Personal Loan Overview
Personal loans are one of many types of loans that we help our readers find. A personal loan is, in general, a loan that you can use at your discretion. Once secured, you can use it for anything:
- debt consolidation
- paying for unexpected expenses
- home improvement projects
The possibilities are endless! It is important to understand that personal loans are sometimes more difficult to get and have strict qualification requirements. If you’re thinking about borrowing with a personal loan, here are some things you know.
Personal loans = unsecured
Unsecured = loan made without an asset given as security. That means that the loan does not require you to use an asset as collateral. In other words, if you default on a personal loan, the lender cannot immediately take or reposess a piece of your property as payment for the loan. Remember unsecured personal loans are more risky for the lender and can be more difficult to secure. The lender does not have any asset to seize if you cannot make loan payments. This is a good deal for you, especially if you do not own assets.
But what about the lender?
Even though the lender cannot immediately take your house or car, it can (and probably will) take other collection actions if you default on the loan. Actions that a lender can take include:
- reporting late payments to the credit bureaus
- hiring a collection agency
- filing a lawsuit against you
Personal loans terms
The personal loans that we help our readers find range anywhere from $1,000 to $35,000. The overall amount depends on your needs, your lender, your income, and your credit rating. The better your credit score and the higher your income, the greater chance you have to borrow larger amounts of money.
Unlike credit cards, personal loans are a one time loan. You cannot borrow from the same loan over and over again. Credit cards offer loans called “revolving credit”. We talk more about that here. There are cards and plans out there that will reward you uniquely for your own situation. Check them out, do some research and then use them wisely!
Back to Personal Loans
Each payment on the loan will reduce the overall loan balance. Like we reviewed above, payments on your personal loan balance do NOT open up available credit that you can immediatly borrow from again. Chip away at the loan until repayed in full. Review your loan documents to understand any prepayment penalties. A prepayment penalty will be an additional fee that you have to pay if you pay off the loan early. This helps the lender ensure a certian return on their investment.
Keep up with your payments and your lender will hold you in high esteem. Paying off the loan closes the account. If you need more money once the loan is done and want another personal loan, you will have to reapply for a new loan.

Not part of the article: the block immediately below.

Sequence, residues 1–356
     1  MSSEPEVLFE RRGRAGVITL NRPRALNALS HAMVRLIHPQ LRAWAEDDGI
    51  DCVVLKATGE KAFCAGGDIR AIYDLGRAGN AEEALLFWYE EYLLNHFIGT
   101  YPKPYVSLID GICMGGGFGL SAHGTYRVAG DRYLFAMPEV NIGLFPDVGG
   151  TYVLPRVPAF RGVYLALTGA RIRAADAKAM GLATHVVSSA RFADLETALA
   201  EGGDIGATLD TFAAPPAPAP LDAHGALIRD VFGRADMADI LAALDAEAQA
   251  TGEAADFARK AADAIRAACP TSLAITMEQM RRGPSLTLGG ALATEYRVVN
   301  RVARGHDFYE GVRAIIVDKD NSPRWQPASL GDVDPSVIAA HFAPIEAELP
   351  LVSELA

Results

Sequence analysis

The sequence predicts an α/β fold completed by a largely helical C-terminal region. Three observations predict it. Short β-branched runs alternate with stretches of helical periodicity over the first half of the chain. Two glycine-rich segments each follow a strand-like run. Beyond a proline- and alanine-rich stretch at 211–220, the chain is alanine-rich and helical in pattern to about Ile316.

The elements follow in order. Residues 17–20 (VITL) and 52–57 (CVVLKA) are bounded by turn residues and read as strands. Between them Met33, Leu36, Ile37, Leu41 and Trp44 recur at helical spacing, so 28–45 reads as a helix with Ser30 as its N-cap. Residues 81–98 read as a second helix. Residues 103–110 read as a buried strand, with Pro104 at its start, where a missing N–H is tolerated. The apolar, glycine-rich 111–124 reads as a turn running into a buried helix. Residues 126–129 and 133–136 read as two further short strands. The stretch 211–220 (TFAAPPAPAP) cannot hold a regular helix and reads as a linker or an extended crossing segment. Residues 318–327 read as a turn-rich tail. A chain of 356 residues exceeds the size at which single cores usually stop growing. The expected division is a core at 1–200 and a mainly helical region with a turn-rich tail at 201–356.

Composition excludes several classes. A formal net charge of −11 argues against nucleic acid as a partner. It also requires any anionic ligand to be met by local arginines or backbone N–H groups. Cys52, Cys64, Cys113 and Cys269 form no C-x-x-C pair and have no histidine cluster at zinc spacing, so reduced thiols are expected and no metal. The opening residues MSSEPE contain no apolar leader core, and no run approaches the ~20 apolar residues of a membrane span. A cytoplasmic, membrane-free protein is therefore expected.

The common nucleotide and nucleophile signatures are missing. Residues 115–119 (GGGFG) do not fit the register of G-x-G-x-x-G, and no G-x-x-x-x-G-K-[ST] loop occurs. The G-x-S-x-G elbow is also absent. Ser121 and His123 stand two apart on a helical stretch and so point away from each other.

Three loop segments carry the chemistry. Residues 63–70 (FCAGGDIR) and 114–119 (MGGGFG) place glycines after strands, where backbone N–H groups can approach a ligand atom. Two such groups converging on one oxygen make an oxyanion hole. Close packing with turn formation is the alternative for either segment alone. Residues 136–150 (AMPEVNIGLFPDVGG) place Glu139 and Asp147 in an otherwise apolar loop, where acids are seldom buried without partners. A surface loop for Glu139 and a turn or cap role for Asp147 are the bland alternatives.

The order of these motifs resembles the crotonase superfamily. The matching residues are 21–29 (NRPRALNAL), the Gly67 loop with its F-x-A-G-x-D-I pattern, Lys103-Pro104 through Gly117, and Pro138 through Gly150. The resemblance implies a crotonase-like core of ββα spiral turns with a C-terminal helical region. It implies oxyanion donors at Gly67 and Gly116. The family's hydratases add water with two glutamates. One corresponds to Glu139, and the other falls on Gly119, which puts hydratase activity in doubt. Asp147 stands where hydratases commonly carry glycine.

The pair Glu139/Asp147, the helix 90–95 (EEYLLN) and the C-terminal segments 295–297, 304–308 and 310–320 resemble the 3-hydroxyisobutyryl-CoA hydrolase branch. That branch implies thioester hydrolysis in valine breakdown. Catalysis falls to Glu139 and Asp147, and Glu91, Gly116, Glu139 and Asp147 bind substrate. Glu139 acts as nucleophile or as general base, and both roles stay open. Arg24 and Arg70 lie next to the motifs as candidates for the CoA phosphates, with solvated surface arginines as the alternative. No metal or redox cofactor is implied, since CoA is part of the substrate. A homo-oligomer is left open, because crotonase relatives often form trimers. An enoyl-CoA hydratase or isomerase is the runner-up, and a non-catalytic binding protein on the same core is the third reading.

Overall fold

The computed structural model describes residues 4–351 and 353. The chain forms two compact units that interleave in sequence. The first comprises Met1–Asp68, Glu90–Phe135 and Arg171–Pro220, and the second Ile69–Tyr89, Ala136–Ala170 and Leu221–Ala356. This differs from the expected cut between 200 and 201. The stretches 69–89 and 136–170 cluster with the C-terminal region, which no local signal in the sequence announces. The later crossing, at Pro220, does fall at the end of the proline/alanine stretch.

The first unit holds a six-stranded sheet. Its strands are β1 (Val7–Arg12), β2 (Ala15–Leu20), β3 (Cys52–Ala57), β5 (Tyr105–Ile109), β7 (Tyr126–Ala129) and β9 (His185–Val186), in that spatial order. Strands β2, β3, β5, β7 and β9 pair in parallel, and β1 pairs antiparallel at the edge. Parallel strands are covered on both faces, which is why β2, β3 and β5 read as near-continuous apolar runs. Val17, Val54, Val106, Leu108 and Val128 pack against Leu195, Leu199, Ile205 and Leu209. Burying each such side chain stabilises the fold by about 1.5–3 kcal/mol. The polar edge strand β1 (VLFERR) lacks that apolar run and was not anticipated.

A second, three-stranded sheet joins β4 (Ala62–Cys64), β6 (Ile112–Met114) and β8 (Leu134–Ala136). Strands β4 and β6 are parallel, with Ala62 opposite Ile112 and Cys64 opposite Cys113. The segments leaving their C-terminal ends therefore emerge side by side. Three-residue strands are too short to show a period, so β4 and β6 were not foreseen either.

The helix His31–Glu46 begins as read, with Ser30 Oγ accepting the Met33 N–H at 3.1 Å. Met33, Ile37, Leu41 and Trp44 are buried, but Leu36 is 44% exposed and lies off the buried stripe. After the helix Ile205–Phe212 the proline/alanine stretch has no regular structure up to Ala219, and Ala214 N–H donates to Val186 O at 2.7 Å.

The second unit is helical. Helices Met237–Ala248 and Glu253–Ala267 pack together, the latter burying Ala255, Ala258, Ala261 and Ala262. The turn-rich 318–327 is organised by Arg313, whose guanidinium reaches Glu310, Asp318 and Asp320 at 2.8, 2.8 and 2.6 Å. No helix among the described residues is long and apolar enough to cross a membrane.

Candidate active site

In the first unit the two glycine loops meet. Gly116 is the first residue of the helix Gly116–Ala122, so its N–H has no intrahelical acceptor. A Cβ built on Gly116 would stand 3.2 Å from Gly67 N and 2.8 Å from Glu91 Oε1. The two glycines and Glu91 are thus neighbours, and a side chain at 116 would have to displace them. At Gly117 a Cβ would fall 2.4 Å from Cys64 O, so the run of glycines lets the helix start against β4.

All loans have an interest charge. Take this into careful consideration and understand the interest charges when applying for your loan. Personal loans usually have a fixed rate. A fixed rate is a locked rate, which will not fluctuate during the life of your loan.
The higher your credit score the lower your interest rate should be. The lender will see your application as a lower risk of default and can expect to make his money back over time without problem.
The lower your credit score, the higher the risk is for the lender that you will default. They charge a higher interest rate to make their money back faster.
Lower interest rates are natually better for the applicant. It means that you will pay a lower cost for borrowing money. Some personal loan offers have variable interest rates. A variable rate will change periodically during your loan.
The downside of a variable interest rate is that your payments can fluctuate as your rate changes. This makes it hard to effectively budget for your loan payments. However, if you expect interest rates to fall, this may be an ideal situation for you.
Fixed repayment period
Personal loans will almost always require a fixed repayment period. These are the most common personal loan terms, shown in months: 12, 24, 36, 48, 60, and sometimes 72 months. The longer the repayment terms, the lower your payment will be and the more interest you will pay. Your loan term may also affect your interest rate. A shorter term may offer a lower interest rate, meaning a lower cost loan for you.
Remember when we talked about only getting what you need? This is where it is important.
Get the terms that are right for you. If cashflow is tight and a 60 month term is best for you, then go for it. If you have cashflow but no savings and can do a 24 month term, then do that.
Loans and your credit score
This is important because you credit rating is a measure of your financial credibility. As a result, most lenders will be reporting all of your activity to the credit bureaus. Especially relevant:
- shopping for a loan
- applying for a loan
- payments on your loan
- loan delinquincy
All movement will affect your credit score. The key to maintaining a solid credit score and to improving a lower score is making your loan payments on time everytime.
Take action today!